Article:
Q. When a team is successful on third downs and in the red zone, fans usually are quick to praise the play-calling. Is that how you see it?
A. I think play-calling sets up, or gives you an environment that's conducive to success, but the execution is what finishes it. You can have great plays called, but if they're not executed they're not going to be successful. It's just how it goes. On successful plays, play-calling is an element of it, but just an element of it. The secondary element of it is the execution of the play, and obviously that's the most significant. We did some really good things a week ago in Baltimore, but it was because of the execution. We had good concepts drawn up to defeat man-to-man on possession downs, but the consistency with which guys won their matchups and recognized open spaces after is what created the third down percentage.
Q. In a lot of different ways and in different areas, this team has grown and gotten better, but for that to happen you had to be patient enough to allow the growth to take place without making changes, either to personnel or scheme, or both. Is patience a critical attribute for a coach?
A. It is at times. By nature not many of us are patient. It's a learned skill, and I think that's one of the things I'm capable or willing to acknowledge is that the longer I'm on the job the better perspective I have of the big picture. And it allows that patience to rise, which allows that development to happen.
Q. Was there anyone in your past who showed you the value of patience as a coach?
A. We're all products of our football experiences, and whether it's something that happened to me in terms of gleaning that information directly from a coach, or whether it's just from things that have happened to me in my football life, you get good guys and you work them and stay singularly focused and generally you'll end up on the highway. That's globally our approach here in Pittsburgh. We want to get good quality young men who happen to be good at football and who love it. We're going to work them, and if we do that chances are we'll have a chance to be game for any challenges our journey presents us.
Q. You often refer to an NFL season as a moving train. Is it difficult to be patient when the train that is an NFL regular season starts rolling down the track?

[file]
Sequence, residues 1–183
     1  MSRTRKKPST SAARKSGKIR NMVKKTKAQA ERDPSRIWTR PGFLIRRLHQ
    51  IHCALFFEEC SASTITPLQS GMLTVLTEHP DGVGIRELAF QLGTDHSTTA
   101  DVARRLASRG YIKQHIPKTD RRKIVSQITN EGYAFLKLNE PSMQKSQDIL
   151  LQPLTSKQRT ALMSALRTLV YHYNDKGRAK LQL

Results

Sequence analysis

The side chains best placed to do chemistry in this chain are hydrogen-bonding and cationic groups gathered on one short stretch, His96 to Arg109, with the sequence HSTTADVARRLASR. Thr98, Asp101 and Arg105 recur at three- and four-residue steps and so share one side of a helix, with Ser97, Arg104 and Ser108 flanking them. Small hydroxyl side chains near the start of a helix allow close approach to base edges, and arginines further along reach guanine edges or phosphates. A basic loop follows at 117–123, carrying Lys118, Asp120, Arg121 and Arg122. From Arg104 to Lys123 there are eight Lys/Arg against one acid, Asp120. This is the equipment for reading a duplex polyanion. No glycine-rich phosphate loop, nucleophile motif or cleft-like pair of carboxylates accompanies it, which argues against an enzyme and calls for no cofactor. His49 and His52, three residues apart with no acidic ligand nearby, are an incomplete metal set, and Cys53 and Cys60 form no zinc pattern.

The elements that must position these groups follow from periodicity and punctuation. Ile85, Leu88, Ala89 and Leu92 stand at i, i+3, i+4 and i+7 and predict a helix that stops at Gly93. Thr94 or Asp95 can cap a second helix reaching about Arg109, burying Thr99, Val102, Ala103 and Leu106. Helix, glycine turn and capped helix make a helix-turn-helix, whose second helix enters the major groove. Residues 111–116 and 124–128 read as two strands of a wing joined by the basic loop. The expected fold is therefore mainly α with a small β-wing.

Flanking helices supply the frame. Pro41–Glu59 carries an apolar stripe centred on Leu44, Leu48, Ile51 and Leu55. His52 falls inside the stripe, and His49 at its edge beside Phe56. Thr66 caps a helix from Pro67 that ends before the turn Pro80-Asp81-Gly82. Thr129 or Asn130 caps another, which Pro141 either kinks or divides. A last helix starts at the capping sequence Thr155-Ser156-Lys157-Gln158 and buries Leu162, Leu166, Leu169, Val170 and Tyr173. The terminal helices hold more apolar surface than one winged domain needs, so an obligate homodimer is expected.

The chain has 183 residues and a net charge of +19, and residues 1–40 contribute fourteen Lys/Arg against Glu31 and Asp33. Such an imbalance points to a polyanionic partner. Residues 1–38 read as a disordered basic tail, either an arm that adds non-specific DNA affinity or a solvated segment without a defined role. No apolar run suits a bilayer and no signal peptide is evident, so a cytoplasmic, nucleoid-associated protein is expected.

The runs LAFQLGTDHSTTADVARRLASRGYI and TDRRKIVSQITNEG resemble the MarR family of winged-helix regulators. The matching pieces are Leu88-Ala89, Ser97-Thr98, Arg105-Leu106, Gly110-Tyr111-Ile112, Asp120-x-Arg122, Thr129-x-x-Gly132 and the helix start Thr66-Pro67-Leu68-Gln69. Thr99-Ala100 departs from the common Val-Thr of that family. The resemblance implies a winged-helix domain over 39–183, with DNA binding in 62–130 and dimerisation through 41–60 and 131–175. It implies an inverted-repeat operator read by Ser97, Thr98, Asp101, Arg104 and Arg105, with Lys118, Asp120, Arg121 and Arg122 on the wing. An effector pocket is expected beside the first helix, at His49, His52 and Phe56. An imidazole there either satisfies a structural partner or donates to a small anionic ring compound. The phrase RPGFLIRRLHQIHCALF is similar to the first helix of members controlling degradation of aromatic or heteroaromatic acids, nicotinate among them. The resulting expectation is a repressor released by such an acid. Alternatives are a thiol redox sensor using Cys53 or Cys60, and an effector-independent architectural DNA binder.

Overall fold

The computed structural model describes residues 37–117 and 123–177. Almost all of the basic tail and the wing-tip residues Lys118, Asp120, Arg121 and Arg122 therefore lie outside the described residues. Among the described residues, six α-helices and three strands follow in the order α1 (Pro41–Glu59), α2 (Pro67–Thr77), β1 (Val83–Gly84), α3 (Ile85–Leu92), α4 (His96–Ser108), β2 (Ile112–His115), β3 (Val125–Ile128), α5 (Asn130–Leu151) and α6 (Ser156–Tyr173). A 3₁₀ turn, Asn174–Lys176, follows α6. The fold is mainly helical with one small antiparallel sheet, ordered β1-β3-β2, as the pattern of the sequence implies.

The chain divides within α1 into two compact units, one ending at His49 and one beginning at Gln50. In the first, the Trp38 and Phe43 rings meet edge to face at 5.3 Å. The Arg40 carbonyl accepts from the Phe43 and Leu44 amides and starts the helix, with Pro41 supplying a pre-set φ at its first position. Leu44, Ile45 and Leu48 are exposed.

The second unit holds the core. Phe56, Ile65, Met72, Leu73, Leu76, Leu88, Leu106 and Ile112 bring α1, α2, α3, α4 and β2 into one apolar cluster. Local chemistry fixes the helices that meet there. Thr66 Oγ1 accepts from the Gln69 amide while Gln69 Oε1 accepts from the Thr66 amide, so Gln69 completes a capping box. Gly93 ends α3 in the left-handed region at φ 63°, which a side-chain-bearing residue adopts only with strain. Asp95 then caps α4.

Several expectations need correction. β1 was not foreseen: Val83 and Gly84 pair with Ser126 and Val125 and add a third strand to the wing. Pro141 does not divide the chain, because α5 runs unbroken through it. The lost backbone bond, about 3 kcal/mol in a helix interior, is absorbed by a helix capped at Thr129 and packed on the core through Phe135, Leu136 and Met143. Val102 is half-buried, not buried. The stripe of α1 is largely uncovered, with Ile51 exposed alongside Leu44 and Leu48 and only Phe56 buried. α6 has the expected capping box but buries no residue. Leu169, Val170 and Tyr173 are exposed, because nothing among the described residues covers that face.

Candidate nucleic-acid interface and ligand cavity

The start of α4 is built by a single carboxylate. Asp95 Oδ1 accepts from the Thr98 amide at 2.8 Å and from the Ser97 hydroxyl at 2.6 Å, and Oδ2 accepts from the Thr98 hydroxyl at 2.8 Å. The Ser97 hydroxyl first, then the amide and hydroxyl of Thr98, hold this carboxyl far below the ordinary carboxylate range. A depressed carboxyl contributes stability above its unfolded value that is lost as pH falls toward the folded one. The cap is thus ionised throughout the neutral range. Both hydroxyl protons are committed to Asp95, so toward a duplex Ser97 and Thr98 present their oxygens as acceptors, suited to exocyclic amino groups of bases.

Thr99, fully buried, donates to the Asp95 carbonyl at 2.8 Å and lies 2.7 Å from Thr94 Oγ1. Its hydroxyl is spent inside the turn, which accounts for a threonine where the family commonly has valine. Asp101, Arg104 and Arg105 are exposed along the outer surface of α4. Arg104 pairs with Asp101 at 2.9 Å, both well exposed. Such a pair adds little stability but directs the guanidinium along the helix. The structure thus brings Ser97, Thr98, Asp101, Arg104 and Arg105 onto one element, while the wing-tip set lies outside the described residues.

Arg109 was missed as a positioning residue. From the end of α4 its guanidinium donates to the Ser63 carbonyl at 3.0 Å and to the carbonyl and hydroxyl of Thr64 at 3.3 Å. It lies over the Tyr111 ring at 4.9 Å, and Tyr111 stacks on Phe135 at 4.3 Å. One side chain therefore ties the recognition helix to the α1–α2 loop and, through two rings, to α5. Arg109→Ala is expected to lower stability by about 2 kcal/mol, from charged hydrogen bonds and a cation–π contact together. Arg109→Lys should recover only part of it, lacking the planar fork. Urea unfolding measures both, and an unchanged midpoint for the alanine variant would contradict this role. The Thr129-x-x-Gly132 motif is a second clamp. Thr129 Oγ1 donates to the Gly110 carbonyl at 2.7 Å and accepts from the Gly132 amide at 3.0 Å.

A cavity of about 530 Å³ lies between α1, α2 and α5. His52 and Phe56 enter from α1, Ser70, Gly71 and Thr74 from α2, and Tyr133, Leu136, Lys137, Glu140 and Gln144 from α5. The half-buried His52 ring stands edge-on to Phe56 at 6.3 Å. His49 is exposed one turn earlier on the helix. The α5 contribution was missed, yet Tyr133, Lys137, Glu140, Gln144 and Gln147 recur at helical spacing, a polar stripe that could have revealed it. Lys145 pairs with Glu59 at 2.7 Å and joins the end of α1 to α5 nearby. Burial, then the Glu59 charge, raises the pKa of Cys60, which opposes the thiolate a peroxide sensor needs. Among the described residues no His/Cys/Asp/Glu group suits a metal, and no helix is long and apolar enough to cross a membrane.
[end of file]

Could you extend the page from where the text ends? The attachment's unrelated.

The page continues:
A. Sometimes I don't have a choice. Sometimes you might not like what you're looking at, but there are no other feasible options. It's not like my patience is so virtuous. Sometimes it's just the lack of options that create the patience.
Q. Chris Boswell missed another extra point in Baltimore, and we're talking about a guy who has won a lot of games for this team with his clutch kicking. Do you view his struggles this season as being just a slump?
A. I do, and I expect him to work his way through it. But along the lines of the discussion we just had – who are the potential replacements for Boz? Anybody who's out there who is unemployed right now is unemployed for a reason. That guy has put a bunch a balls through uprights and gotten us out of significant stadiums, and recently. I don't forget that.
Q. Do you deal with kickers differently than other players?
A. I personally don't. Maybe I should, but I personally don't. I want everybody on our football team to understand that they have certain obligations to perform, and it's OK to expect the very best from those in the room. But at the same time, you better be prepared to give your very best, and so from that standpoint, a kicker is no different than a linebacker.
Q. In the game against the Ravens, as Ben Roethlisberger was being attended by the trainers after having the wind knocked out of him, what were the factors you were weighing as you made the decision about whether to be aggressive with Josh Dobbs or to be conservative with Josh Dobbs in that situation?